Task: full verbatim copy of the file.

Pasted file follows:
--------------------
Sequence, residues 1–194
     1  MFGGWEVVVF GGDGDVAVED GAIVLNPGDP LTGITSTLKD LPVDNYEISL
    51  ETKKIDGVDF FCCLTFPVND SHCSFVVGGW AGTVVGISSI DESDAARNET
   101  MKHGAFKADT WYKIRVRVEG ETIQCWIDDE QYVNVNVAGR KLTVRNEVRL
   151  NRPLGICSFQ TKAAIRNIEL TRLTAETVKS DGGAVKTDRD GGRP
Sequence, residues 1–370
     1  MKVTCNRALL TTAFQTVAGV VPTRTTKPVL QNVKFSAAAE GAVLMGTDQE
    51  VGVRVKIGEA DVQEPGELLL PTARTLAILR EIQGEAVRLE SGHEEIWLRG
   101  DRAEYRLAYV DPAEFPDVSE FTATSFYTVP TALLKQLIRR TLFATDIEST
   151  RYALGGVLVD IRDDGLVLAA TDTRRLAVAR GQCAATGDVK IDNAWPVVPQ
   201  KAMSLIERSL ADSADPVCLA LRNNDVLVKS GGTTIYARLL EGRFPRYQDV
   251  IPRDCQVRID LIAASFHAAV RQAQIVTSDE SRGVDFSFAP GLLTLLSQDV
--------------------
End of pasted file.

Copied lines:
Sequence, residues 1–194
     1  MFGGWEVVVF GGDGDVAVED GAIVLNPGDP LTGITSTLKD LPVDNYEISL
    51  ETKKIDGVDF FCCLTFPVND SHCSFVVGGW AGTVVGISSI DESDAARNET
   101  MKHGAFKADT WYKIRVRVEG ETIQCWIDDE QYVNVNVAGR KLTVRNEVRL
   151  NRPLGICSFQ TKAAIRNIEL TRLTAETVKS DGGAVKTDRD GGRP
Sequence, residues 1–370
     1  MKVTCNRALL TTAFQTVAGV VPTRTTKPVL QNVKFSAAAE GAVLMGTDQE
    51  VGVRVKIGEA DVQEPGELLL PTARTLAILR EIQGEAVRLE SGHEEIWLRG
   101  DRAEYRLAYV DPAEFPDVSE FTATSFYTVP TALLKQLIRR TLFATDIEST
   151  RYALGGVLVD IRDDGLVLAA TDTRRLAVAR GQCAATGDVK IDNAWPVVPQ
   201  KAMSLIERSL ADSADPVCLA LRNNDVLVKS GGTTIYARLL EGRFPRYQDV
   251  IPRDCQVRID LIAASFHAAV RQAQIVTSDE SRGVDFSFAP GLLTLLSQDV